At the school playground a parent was impressed at my kindergartner tying her own shoe laces. She asked if my daughter could teach her son, which as you can imagine, my daughter was thrilled to show off and help. She asked not because kids learn better from other kids, or he would be more motivated to learn if his classmate could do it, but because both his parents are left-handed and he is not! The instruction set is quite different you see 😊. That’s a simple case of why diversity in your environment is important, but does not need to come in one size or form!
Extending it to the business world, imagine the use cases they will be missing out on when there is too much similarity in backgrounds. Or maybe we don’t have to look too far. We have all seen that health app that was missing the menstrual cycle tracking (isn’t that 50% of the user base?) or the credit card readers that need to be swiped on the right side. The diverse thinking in these cases was needed on the design side first, not implementation. That reminds me of another incident at a Women In Tech (WIT) forum at a local university. A English major soon to graduate asked how she could position herself for roles in the tech industry. Does she need to broaden her skill set by taking programming classes? Is there a technology product or service that would not benefit from better messaging on how to use the product or when users run into errors?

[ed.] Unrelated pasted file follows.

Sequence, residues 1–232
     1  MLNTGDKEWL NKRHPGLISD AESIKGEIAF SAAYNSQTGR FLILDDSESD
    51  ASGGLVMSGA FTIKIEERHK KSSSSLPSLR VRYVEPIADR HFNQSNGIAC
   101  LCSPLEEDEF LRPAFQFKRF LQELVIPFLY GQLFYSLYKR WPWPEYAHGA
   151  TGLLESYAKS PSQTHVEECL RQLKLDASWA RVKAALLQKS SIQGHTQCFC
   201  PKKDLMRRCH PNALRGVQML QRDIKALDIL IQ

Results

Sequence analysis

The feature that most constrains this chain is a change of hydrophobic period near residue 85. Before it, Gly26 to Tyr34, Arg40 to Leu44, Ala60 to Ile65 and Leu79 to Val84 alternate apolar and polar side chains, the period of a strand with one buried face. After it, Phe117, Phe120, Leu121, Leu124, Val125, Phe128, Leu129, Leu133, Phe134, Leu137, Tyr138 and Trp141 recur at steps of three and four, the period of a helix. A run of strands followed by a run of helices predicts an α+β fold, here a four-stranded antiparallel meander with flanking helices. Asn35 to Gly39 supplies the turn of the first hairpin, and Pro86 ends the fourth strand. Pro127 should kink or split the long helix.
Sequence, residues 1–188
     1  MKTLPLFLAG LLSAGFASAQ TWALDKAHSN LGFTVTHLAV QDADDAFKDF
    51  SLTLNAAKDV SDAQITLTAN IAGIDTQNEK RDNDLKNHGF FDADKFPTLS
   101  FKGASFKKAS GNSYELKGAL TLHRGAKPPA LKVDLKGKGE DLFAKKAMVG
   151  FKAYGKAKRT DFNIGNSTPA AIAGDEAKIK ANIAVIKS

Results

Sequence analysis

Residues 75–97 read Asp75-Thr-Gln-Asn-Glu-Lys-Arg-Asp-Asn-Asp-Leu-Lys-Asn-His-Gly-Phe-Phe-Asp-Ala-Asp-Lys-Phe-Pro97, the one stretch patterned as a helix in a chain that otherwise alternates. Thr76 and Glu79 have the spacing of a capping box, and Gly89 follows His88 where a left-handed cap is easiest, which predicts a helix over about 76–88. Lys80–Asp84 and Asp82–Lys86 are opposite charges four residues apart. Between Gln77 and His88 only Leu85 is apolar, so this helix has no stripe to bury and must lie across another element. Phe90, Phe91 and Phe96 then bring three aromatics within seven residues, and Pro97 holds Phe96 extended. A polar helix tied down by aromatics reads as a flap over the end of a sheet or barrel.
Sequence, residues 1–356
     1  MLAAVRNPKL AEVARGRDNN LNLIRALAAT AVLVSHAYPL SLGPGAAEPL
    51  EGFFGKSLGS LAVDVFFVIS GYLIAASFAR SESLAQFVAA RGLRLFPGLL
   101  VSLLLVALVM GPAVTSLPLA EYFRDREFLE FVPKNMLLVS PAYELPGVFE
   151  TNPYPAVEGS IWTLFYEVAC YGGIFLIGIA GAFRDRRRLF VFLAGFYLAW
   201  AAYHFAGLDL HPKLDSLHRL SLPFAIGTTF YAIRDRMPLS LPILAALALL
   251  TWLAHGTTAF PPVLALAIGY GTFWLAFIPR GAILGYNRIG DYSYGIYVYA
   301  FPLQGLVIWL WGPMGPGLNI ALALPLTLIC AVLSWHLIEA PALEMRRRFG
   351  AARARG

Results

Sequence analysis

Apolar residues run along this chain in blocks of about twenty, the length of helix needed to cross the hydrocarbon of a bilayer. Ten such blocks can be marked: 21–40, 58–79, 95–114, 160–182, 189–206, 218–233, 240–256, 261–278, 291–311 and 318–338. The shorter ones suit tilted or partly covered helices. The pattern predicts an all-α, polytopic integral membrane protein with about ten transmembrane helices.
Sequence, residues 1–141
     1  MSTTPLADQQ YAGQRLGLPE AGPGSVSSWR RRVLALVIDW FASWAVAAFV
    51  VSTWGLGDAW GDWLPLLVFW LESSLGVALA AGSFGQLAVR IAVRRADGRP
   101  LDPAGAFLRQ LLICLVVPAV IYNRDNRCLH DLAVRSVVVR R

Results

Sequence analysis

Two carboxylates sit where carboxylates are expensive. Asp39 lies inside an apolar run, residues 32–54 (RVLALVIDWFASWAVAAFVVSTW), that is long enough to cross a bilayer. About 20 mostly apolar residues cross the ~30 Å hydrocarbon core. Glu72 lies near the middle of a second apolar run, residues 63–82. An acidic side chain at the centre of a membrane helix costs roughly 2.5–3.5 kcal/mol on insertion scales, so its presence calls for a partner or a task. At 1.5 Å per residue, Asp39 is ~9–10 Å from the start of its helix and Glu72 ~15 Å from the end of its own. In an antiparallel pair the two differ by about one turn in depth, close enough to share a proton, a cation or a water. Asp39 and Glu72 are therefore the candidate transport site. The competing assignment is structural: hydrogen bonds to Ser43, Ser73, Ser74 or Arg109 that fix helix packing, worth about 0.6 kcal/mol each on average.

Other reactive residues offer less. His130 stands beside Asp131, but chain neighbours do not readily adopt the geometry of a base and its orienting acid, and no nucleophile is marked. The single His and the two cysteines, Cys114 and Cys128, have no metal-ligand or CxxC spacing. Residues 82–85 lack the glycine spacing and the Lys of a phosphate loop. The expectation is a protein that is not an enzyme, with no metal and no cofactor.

This article was shared by someone at my workplace and resonated with me and probably with many fellow qv women.
Here is an excerpt:
If everyone is focused on the nuts and bolts of making software quickly at scale, where will they learn to design it with equity and care? “Critical thinking is what the computers won’t be able to do,” she said.